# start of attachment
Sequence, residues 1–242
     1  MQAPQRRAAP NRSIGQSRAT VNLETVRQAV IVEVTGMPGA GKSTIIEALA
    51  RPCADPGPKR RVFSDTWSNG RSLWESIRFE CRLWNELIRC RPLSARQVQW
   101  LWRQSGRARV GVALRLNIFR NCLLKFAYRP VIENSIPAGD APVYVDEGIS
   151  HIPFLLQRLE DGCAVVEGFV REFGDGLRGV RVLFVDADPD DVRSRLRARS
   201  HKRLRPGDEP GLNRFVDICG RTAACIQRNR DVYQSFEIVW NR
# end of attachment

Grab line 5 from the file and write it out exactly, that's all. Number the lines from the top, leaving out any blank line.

   151  HIPFLLQRLE DGCAVVEGFV REFGDGLRGV RVLFVDADPD DVRSRLRARS